Oxford City's Councils stance on homeless people
The Oxford City Council has threatened rough sleepers with fines up to £2,500. Many homeless people in the area have found legal notices pinned to their bags stating that their presence was having a damaging effect on the quality of life of others in the area. These notices explain that those targeted are breaching antisocial behaviour laws and that the recipients must remove their possessions within 2 days or they will be faced with a fine.
However, this act has received criticism from the likes of former county councillor, Larry Sanders (brother of former US Presidential candidate Bernie Sanders) who argues that vulnerable people are not bettered by fines and harassment, and that if anything were to help it would be "thoughtful kindness". Sanders believes the real underlying issue is government cuts and the housing crisis, not the homeless people themselves.
David Thomas, leader of Oxford city council's Green group and Green Party Councillor describes the legal notices left by the council as an incorrect use of antisocial behaviour legislation. He explains how Oxford City do not have their priorities straight, since they are refusing to re-open a 50-bed hostel in the city centre whilst trying to force the homeless off the street.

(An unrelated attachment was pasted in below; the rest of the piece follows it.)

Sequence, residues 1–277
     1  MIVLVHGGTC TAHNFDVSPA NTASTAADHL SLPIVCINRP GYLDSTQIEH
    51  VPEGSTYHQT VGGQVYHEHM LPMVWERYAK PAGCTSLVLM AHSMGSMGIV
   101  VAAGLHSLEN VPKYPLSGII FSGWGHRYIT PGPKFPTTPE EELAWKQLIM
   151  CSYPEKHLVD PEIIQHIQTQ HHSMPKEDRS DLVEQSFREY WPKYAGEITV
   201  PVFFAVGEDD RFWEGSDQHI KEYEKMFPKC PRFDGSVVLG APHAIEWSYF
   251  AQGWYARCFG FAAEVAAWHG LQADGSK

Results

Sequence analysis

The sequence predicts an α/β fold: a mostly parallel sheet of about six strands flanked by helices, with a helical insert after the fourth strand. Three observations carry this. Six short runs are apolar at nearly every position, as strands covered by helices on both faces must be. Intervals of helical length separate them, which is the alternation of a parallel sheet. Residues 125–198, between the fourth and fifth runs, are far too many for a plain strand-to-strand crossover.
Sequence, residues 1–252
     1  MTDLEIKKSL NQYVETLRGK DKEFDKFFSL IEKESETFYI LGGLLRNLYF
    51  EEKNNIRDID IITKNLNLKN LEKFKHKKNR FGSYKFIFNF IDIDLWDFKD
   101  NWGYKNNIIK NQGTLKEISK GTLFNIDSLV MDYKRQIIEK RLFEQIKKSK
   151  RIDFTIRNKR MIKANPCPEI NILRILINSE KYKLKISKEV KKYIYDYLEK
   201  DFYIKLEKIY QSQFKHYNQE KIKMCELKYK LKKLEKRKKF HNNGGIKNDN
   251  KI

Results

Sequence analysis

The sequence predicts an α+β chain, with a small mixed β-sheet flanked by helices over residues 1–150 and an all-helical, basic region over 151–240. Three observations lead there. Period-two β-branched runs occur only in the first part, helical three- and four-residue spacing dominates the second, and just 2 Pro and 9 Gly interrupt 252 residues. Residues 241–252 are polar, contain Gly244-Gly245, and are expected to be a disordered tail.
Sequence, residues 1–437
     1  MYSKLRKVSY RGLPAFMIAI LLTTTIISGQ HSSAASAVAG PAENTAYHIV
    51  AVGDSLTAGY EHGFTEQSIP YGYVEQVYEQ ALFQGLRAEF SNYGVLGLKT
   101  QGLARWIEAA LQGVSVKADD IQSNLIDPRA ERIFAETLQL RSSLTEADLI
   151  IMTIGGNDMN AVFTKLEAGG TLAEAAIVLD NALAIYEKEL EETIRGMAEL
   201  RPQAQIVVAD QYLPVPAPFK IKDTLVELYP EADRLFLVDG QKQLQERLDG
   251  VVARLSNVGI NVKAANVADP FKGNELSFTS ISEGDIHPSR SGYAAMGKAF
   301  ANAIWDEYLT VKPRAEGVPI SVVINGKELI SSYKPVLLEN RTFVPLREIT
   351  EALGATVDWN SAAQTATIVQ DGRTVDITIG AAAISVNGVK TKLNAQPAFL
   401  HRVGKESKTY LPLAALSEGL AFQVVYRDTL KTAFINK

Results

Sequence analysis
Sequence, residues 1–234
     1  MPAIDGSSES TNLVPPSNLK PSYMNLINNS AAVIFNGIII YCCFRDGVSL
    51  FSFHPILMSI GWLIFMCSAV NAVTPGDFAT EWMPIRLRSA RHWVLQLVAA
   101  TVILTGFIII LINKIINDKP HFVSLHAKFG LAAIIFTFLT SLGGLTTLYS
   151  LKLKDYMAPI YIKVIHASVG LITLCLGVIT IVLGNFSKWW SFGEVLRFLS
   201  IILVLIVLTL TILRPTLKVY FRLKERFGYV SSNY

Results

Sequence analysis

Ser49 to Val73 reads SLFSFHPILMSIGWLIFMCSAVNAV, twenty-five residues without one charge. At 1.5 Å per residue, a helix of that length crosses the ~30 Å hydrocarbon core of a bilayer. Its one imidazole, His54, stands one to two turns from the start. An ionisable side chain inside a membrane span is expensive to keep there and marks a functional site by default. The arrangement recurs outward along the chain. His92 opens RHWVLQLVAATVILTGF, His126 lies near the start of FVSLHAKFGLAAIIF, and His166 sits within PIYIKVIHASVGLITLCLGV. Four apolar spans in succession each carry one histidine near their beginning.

Oxford City Council responded to this criticism via its Twitter account, claiming that bags had been left outside blocking fire escape doors which was dangerous and a risk to those inside. They also added that they work closely with homelessness charities to help rough sleepers in Oxford and donate £1.4m a year to fund a range of support services.
Those who are living on the streets of Oxford have explained that they have had their possessions confiscated by the council, and much of this were items that the public had donated to them. Oxford City Council have argued that there is no need for bags and possessions to be cluttering the streets when there are lockers provided for the homeless to use. However, one homeless man from Oxford said that the lockers were not big enough and that the city needs a good storage system for things to start getting better.
Despite the Council's claims. Oxford still has the highest number of rough sleepers outside of London, and there have been a number of strikes and campaigns in the city over the last decade to try and persuade the council to abandon their plans to abort all of those living on the streets.